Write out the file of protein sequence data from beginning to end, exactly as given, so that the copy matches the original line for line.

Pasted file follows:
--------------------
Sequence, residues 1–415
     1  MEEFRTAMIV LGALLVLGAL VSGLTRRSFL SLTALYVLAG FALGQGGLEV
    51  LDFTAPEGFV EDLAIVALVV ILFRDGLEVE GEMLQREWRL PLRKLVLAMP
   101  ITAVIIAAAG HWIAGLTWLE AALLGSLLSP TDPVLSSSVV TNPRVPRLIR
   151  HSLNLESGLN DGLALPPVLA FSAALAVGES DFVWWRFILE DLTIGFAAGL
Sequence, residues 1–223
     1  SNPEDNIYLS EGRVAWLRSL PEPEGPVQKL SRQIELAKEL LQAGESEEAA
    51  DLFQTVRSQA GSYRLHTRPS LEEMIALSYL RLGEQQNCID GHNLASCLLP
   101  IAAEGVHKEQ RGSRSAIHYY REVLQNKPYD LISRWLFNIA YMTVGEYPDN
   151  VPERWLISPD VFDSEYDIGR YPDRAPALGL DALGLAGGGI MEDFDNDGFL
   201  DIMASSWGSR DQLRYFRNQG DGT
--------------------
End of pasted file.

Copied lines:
Sequence, residues 1–415
     1  MEEFRTAMIV LGALLVLGAL VSGLTRRSFL SLTALYVLAG FALGQGGLEV
    51  LDFTAPEGFV EDLAIVALVV ILFRDGLEVE GEMLQREWRL PLRKLVLAMP
   101  ITAVIIAAAG HWIAGLTWLE AALLGSLLSP TDPVLSSSVV TNPRVPRLIR
   151  HSLNLESGLN DGLALPPVLA FSAALAVGES DFVWWRFILE DLTIGFAAGL
Sequence, residues 1–223
     1  SNPEDNIYLS EGRVAWLRSL PEPEGPVQKL SRQIELAKEL LQAGESEEAA
    51  DLFQTVRSQA GSYRLHTRPS LEEMIALSYL RLGEQQNCID GHNLASCLLP
   101  IAAEGVHKEQ RGSRSAIHYY REVLQNKPYD LISRWLFNIA YMTVGEYPDN
   151  VPERWLISPD VFDSEYDIGR YPDRAPALGL DALGLAGGGI MEDFDNDGFL
   201  DIMASSWGSR DQLRYFRNQG DGT